There is some ongoing controversy surrounding the definition and measurement of the alexithymia construct. Whereas most researchers describe 4 components comprising the construct (difficulty identifying feelings, difficulty describing feelings, restricted fantasizing, and externally oriented thinking), some include a 5th component, which is defined as "reduced experiencing of emotional feelings." This study examined the topology and measurement of alexithymia using the method of network analysis with data from a heterogeneous multilanguage sample (N = 1,696) that had completed the Bermond-Vorst Alexithymia Questionnaire (BVAQ; Vorst & Bermond, 2001 ). The BVAQ includes an Emotionalizing subscale for assessing the purported 5th component; we compared the network analyses conducted both with and without the Emotionalizing items. The results revealed strong associations between Emotionalizing and Analyzing (externally oriented thinking) items, but Emotionalizing items had almost as many negative as positive connections with items assessing the other components of the construct. A comparison of communities identified by modularity analyses of the 2 networks failed to support emotionalizing as a distinct component of the construct. In addition, network metrics revealed that Fantasizing items were particularly weak within both networks, suggesting that reduced fantasizing might be a peripheral component of the alexithymia construct. Implications for the measurement and treatment of alexithymia are discussed.

Discovering biomarkers for antidepressant response: protocol from the Canadian biomarker integration network in depression (CAN-BIND) and clinical characteristics of the first patient cohort.

Major Depressive Disorder (MDD) is among the most prevalent and disabling medical conditions worldwide. Identification of clinical and biological markers ("biomarkers") of treatment response could personalize clinical decisions and lead to better outcomes. This paper describes the aims, design, and methods of a discovery study of biomarkers in antidepressant treatment response, conducted by the Canadian Biomarker Integration Network in Depression (CAN-BIND). The CAN-BIND research program investigates and identifies biomarkers that help to predict outcomes in patients with MDD treated with antidepressant medication. The primary objective of this initial study (known as CAN-BIND-1) is to identify individual and integrated neuroimaging, electrophysiological, molecular, and clinical predictors of response to sequential antidepressant monotherapy and adjunctive therapy in MDD.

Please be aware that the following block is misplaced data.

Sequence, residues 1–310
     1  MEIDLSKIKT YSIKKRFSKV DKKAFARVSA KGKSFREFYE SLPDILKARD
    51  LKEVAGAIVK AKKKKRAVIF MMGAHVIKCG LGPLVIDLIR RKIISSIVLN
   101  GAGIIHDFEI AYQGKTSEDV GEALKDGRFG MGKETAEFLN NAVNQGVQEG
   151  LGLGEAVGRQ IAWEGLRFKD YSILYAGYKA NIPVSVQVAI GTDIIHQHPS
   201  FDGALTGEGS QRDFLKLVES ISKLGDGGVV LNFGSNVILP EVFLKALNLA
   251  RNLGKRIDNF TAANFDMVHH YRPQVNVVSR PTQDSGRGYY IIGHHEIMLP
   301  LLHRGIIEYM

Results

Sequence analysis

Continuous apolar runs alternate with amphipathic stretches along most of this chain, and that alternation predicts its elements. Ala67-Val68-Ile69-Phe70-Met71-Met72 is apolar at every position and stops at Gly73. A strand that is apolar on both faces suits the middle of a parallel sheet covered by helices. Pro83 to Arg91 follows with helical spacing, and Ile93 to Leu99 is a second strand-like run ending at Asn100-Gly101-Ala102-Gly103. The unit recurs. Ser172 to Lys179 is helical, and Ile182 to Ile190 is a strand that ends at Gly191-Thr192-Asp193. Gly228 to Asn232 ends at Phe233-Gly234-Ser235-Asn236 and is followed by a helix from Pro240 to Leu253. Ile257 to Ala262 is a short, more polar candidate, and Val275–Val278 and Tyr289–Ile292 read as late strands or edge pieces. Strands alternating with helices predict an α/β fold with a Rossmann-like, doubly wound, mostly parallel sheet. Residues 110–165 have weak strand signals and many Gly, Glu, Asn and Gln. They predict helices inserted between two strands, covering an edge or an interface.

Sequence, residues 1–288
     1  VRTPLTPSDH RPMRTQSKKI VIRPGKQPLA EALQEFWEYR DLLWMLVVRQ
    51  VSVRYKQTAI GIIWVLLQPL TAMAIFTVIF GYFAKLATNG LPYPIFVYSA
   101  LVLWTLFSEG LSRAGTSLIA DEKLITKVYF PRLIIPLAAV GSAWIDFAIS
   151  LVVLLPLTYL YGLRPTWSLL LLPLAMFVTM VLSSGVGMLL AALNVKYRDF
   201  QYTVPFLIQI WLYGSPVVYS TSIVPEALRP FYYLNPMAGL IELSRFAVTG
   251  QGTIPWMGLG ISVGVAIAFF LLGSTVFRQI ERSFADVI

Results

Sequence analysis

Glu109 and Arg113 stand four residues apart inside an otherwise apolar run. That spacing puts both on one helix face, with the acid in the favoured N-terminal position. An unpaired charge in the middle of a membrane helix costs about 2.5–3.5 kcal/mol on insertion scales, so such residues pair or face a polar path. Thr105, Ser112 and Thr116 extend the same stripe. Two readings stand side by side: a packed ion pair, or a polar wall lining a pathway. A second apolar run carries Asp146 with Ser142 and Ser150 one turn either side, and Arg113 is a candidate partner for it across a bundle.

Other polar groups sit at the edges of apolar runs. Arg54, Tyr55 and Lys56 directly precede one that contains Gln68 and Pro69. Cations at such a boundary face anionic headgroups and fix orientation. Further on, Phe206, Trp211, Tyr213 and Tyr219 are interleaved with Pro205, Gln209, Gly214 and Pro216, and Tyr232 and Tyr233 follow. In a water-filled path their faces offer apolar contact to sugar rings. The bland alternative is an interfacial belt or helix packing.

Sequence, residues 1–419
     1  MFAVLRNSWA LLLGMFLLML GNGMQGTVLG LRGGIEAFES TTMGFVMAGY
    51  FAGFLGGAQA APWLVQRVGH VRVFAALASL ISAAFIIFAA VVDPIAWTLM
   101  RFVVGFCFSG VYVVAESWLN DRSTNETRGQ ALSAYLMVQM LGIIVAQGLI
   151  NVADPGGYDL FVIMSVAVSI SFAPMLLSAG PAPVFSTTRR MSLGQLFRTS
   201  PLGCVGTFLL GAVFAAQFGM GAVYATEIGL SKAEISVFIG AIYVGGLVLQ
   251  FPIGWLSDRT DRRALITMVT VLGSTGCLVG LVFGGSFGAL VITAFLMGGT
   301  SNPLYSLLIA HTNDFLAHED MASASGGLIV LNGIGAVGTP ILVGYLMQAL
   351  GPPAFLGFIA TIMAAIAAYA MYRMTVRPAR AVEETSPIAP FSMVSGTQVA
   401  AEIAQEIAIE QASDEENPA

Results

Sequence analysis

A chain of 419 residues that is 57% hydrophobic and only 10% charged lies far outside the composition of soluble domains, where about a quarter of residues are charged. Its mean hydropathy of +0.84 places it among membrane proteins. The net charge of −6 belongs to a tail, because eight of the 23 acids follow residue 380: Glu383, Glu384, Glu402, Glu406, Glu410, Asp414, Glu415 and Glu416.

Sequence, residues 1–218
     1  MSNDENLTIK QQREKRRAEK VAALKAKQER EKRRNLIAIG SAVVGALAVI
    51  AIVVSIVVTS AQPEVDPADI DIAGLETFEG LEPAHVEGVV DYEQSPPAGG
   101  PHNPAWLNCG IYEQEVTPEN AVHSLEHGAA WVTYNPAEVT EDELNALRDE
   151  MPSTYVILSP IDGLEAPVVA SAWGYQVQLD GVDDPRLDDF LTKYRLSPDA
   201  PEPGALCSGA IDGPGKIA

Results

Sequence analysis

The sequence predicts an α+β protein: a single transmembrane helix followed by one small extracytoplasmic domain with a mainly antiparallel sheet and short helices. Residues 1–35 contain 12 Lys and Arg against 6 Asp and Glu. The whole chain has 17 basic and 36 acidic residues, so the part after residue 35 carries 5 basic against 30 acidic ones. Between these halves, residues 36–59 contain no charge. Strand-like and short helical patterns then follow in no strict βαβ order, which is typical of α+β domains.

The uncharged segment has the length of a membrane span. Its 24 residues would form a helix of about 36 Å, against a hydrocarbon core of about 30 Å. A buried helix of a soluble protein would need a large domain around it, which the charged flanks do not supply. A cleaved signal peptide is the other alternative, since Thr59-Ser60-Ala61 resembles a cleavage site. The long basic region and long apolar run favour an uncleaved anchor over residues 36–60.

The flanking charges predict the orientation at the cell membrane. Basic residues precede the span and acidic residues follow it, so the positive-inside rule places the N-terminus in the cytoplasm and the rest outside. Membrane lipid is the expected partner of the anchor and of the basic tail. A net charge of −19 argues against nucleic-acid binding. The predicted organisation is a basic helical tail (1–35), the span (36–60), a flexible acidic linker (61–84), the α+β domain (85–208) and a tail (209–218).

Interpersonal impacts mediate the association between personality and treatment response in major depression.

Personality, as characterized by the Five-Factor Model, predicts response to psychotherapy for depression. To explain how personality impacts treatment response, the present study investigated patient and therapist interpersonal processes in treatment sessions as an explanatory pathway. A clinical trial was conducted in which 103 outpatients (mean age: 41.17 years, 65% female) with primary major depressive disorder completed 16-20 weeks of cognitive-behavioral or interpersonal therapy. Before treatment, patients completed the Revised NEO Personality Inventory to assess personality domains (neuroticism, extraversion, openness-to-experience, agreeableness, and conscientiousness). After 3 and 13 weeks, patient interpersonal behavior was rated by the therapist and vice versa to determine levels of patient and therapist communal and agentic behaviors. Depression levels were measured before and after treatment. Structural equation modeling supported that patients' interpersonal behavior during therapy mediated the associations between pretreatment personality and depression treatment outcome. Specifically, extraversion, conscientiousness, and neuroticism (inverse) predicted higher levels of patient communion throughout treatment, which was in turn associated with improved treatment outcomes. Furthermore, patient agreeableness was inversely associated with agency throughout treatment, which was linked to poorer treatment response. Therapist interpersonal behavior was not a significant mediator. Results suggest that patient interpersonal behavior during treatment may be one way that patient personality impacts clinical outcomes in depression. Results underscore the clinical utility of Five-Factor Model domains in treatment process and outcome. (PsycINFO Database Record

Individual factors predicted to influence outcome in group CBT for psychosis (CBTp) and related therapies.

Development and validation of the Dimensional Anhedonia Rating Scale (DARS) in a community sample and individuals with major depression.